A WIND HAS BLOWN THE RAIN AWAY: A couple of cold, rainy Sunday afternoons ago, I got dragged to a concert in downtown Washington, and stayed enthralled to hear a striking collaboration: the playful poetry of e.e. cummings set to music by New York composer Ellen Mandel and sung beautifully by Cincinnati baritone and actor Todd Almond. I discovered that there’s a CD of the same program. It’s called a wind has blown the rain away. I wish I could give it to every poetry lover I know, to remind them that spring is coming. And with this music, sooner than later.” - Alan Cheuse

— All Things Considered NPR

E.E.CUMMINGS SONGS: At "A Night of Song," a concert by two young sopranos at the chapel of St. Bartholomew's Church in Manhattan... I heard a composer who was new to me, Ellen Mandel. Her settings of four poems by E. E. Cummings were ardent and spiky with meter and key changes that felt refreshingly organic. Her music lives in that borderland between theater song and classical song, where singers like Audra McDonald and Dawn Upshaw often dwell. I'd love to hear them sing her work.” - Margo Jefferson

— New York Times

A WIND HAS BLOWN THE RAIN AWAY: EE Cummings' work has got to be among the most difficult to set to music. It's strongly visual in its placement. It's complex rhythmically, and has such a strong, innate musicality that doesn't rely on the traditional rhyme but instead through sound and structure, and the confounding of traditional syntax. Nevertheless, Ellen Mandel has such a deep understanding of the work that she's managed to enhance and support it through her 15 compositions on a wind has blown the rain away. I've featured her CD the first of all my dreams in an earlier blog post, and one of the things I mentioned was that Cummings was the star of that CD. In a wind has blown the rain away it's all Cummings. The music is so apt - mimicking the motion and themes of the work without ever detracting from it. Todd Almond's voice is sublime too. The title song is one of my favourites. I've reprinted the entire poem, a Shakepearean sonnet, below, and you can listen to it by clicking onto Ellen's website here (just scroll down - it's the 10th song): http://www.ellenmandel.com/music.html” - Magdalena Ball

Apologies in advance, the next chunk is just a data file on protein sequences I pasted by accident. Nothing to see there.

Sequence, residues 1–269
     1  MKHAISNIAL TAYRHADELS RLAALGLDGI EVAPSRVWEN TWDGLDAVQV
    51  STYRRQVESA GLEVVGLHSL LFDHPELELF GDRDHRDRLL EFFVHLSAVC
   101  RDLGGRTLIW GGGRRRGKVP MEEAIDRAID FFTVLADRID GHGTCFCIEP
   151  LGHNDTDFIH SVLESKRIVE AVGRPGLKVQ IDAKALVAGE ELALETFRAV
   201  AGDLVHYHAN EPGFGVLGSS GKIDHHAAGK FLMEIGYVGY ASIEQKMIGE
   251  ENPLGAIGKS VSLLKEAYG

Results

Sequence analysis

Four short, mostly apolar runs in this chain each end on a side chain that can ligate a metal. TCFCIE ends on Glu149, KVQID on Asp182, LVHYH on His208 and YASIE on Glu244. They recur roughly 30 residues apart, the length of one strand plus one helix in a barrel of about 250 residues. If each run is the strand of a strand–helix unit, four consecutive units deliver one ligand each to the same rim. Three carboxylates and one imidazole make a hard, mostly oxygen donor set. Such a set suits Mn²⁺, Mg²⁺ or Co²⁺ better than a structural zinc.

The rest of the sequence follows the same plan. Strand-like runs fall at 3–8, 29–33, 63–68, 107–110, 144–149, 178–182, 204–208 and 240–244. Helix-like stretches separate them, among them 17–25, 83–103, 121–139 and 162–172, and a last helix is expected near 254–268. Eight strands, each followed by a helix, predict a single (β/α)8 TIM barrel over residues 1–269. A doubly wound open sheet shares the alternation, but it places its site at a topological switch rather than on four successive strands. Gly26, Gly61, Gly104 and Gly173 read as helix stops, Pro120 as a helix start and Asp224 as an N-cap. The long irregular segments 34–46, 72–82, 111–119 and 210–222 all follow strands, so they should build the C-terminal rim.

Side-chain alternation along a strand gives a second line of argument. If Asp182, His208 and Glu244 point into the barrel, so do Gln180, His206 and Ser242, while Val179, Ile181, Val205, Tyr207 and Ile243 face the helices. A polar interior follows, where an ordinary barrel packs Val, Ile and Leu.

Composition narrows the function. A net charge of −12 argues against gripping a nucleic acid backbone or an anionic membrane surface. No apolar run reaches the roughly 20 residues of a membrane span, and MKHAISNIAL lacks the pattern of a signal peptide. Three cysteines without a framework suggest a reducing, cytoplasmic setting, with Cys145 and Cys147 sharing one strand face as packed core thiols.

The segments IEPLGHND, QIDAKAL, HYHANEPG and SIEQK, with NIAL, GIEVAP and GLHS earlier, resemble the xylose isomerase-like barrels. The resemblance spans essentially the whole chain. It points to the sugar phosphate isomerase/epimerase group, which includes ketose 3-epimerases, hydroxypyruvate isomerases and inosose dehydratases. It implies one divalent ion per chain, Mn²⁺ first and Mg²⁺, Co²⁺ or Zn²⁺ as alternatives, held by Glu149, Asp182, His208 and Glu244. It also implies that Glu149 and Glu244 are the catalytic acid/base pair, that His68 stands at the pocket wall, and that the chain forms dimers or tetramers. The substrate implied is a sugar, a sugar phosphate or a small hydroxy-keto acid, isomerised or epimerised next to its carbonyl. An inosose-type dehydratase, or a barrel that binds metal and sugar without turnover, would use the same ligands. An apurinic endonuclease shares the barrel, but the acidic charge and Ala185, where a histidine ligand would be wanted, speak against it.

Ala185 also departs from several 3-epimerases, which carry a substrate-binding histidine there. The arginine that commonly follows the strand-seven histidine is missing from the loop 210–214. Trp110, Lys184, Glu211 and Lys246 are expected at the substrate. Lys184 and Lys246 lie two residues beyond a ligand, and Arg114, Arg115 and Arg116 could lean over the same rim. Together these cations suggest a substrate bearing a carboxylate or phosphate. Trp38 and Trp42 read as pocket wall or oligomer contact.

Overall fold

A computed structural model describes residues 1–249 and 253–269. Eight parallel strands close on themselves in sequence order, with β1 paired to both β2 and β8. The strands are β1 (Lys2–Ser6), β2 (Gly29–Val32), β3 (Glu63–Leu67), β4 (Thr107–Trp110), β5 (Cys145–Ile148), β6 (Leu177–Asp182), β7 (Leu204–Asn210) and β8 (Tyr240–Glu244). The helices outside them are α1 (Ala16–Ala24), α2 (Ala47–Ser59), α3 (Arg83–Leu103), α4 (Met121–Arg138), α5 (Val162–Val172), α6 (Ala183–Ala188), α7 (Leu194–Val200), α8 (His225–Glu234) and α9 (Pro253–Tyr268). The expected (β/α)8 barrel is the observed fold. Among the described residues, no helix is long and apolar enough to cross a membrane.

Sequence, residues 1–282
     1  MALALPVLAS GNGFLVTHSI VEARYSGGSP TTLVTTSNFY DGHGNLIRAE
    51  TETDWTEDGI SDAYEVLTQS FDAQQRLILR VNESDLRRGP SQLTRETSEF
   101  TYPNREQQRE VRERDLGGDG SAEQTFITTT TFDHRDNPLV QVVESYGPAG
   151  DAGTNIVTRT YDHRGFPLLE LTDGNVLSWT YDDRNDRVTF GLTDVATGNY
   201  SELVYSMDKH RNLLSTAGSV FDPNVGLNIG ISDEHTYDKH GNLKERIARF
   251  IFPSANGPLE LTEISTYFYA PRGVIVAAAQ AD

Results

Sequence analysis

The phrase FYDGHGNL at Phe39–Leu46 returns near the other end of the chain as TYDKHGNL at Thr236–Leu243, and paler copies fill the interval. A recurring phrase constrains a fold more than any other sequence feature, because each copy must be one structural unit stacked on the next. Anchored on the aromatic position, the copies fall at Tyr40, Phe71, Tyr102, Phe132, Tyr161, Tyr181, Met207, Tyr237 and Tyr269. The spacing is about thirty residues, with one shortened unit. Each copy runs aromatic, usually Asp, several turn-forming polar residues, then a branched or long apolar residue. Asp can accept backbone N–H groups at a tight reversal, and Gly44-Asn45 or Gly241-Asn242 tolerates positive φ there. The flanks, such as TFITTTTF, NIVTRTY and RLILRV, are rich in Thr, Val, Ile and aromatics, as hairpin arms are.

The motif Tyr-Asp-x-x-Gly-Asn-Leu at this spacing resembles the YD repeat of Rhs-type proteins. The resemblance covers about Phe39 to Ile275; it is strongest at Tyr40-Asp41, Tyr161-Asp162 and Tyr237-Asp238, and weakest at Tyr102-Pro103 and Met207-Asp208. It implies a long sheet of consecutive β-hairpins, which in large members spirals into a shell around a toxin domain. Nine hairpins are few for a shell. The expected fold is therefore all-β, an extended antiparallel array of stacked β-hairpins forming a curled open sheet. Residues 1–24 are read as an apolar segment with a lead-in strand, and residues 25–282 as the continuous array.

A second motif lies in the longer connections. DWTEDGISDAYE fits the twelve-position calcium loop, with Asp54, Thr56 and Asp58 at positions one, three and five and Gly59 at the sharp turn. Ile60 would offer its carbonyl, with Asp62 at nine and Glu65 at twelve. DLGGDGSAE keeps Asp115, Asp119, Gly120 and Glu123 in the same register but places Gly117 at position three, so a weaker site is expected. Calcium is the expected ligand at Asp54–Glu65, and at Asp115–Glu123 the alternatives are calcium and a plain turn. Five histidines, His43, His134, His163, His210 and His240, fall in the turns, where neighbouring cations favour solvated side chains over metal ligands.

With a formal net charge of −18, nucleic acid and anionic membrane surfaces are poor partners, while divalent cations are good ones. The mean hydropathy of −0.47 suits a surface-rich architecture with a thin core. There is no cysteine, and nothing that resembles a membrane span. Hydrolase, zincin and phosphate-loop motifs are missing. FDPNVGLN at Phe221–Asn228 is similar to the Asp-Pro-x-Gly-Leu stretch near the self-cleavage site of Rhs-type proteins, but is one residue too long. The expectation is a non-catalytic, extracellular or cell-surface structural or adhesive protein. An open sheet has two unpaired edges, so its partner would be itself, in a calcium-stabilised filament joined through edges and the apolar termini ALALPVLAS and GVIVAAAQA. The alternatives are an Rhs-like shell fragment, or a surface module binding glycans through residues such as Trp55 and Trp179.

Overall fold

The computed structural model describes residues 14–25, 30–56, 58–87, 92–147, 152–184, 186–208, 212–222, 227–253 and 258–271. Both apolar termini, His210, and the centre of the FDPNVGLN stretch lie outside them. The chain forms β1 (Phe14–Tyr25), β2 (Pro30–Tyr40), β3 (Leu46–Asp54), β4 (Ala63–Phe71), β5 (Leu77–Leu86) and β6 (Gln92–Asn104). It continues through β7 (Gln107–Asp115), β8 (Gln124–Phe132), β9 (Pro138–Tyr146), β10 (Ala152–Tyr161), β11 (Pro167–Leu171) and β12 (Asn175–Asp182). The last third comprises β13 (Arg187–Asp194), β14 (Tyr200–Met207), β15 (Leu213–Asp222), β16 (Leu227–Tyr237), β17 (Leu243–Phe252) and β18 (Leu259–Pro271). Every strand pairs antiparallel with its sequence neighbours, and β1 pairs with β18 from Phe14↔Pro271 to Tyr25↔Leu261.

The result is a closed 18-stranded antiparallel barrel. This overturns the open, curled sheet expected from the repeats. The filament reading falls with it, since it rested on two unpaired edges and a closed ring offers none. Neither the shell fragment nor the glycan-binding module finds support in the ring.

Poetry Monday

Just back from a great trip to Ireland---- doing five concerts with British baritone Rob Gildon of my songs to poems by Seamus Heaney, WB Yeats, E.E. Cummings and others. During the Festival, Arminta Wallace, of the Irish Times, interviewed me for an article on various people's favorite Seamus Heaney poem. Follow the link to the whole article----everyone's comments are worth reading!! I'm honored to be a part of it! ELLEN MANDEL  Jazz pianist and theatre composer  “There’s one poem at the moment I love, love, love: I set it to music, because it just pulled me right in. It’s from Clearances, and starts: ‘When all the others were away at Mass. . .’ Heaney describes a Sunday morning when everybody else is out of the house. He’s there with his mother, peeling potatoes. They sit at a table, doing this work, and kind of dreaming. It’s very, very quiet: there’s just the little ‘plop’ of the peeled potatoes as they drop into the cold water, one by one. “Then it switches to the parish priest at his mother’s bedside, going hammer and tongs at the prayers for the dying. Some people are listening and some are responding, but the poet goes back in his memory to the two of them peeling potatoes, and the last line is: ‘Never closer the whole rest of our lives.’ In my own life, when my mom was ailing, I would sit with her at her little kitchen table – and then when she really was not able to handle her accounts and bills, her younger brother, my uncle, would sit with me at the table, doing that work for her. I became very close with my uncle because of that, so when I saw that poem I thought of it immediately.”” - Arminta Wallace

Irish Times